Kevin, then one should also ask why did they present both flags on Sunday after your speech and why did the CSA re-enactors give a cheer for the Irish brigade (they were not the Irish CSA troops)? Much of the activities on Sunday were fake, but I find nothing wrong with them stepping out of character to show that the nation “is healed”. I would have liked to have been there on Saturday also.

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    1. Kevin Levin Post author

      I disagree that the ceremony on Sunday was “fake.” In fact, I think it held great meaning for those who chose to attend. I am also not suggesting that there was anything wrong with the hand shake. As usaul, I am simply asking questions about how we choose to commemorate and remember the war and the men who fought in it.

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  4. Stuart

    Kevin, I think I was not clear. When I say fake, I mean that it is 2008 and we had a speech in a national park, which did not exist in 1862. Certainly the walk through town with Ranger Frank and the Irish brigade was close as close to reality as we could get. What I am trying to say is that we are looking at all of this 146 years in he future so of course there will be differences. I think the handshake was a great thing, along with all of the activities on the weekend.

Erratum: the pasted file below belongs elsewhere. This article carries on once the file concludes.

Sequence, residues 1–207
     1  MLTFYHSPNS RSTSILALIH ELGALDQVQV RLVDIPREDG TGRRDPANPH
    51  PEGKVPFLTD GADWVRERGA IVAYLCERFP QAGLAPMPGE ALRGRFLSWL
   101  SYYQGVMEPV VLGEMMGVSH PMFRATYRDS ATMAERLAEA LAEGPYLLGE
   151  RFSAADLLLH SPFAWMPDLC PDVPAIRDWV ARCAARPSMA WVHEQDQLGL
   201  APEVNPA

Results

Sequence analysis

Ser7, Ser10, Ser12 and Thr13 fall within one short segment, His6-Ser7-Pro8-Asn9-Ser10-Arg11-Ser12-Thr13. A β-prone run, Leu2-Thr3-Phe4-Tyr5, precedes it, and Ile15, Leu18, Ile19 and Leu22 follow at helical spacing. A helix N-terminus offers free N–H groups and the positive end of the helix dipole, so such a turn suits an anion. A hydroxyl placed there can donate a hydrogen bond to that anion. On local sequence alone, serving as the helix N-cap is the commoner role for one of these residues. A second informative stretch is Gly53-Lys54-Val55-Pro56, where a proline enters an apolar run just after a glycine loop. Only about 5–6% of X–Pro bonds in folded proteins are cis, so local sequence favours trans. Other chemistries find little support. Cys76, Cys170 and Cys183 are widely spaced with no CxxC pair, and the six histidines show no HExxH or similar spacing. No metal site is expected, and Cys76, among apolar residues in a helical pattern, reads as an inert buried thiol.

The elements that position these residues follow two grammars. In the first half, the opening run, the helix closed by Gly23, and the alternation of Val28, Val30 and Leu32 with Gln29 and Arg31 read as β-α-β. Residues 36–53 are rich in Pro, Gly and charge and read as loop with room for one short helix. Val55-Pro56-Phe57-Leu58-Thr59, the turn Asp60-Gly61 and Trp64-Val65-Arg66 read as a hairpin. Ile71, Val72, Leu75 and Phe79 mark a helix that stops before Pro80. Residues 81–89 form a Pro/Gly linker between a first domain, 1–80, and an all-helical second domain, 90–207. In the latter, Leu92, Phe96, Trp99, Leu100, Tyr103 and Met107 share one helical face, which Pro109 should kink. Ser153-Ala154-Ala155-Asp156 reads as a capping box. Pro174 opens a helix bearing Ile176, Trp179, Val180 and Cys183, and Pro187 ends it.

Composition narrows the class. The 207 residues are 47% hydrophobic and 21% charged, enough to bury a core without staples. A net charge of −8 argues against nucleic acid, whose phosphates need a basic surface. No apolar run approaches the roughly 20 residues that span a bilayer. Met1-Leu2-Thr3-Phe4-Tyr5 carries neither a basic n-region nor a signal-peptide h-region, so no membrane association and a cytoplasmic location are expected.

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    1. Kevin Levin Post author

      Thanks for the clarification Stuart. I just want to clarify that I am in no way suggesting one way or another whether the hand shake was a good thing. It was just a short commentary on what we deem worthy of remembrance and the form it takes.

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  5. Jenny

    Along the lines of Ed’s post on Gettysburg … Reverse side of the 66th New York Monument (“Governors Guard” — Zooks Brigade)on Sickles Avenue near the Loop at the Wheatfield has a bronze plaque on the back entitled “PEACE AND UNITY” that depicts a Union and Confederate soldier sharing a canteen and shaking hands. Although it’s right on the auto tour route, almost no one sees it because its on the back of an otherwise very non-descript monument. It’s hard to even photograph because there are trees in the way.

    Not one of my better shots (on my list to re-shoot actually), but gives you the idea: http://flickr.com/photos/goellnitz/2374366678/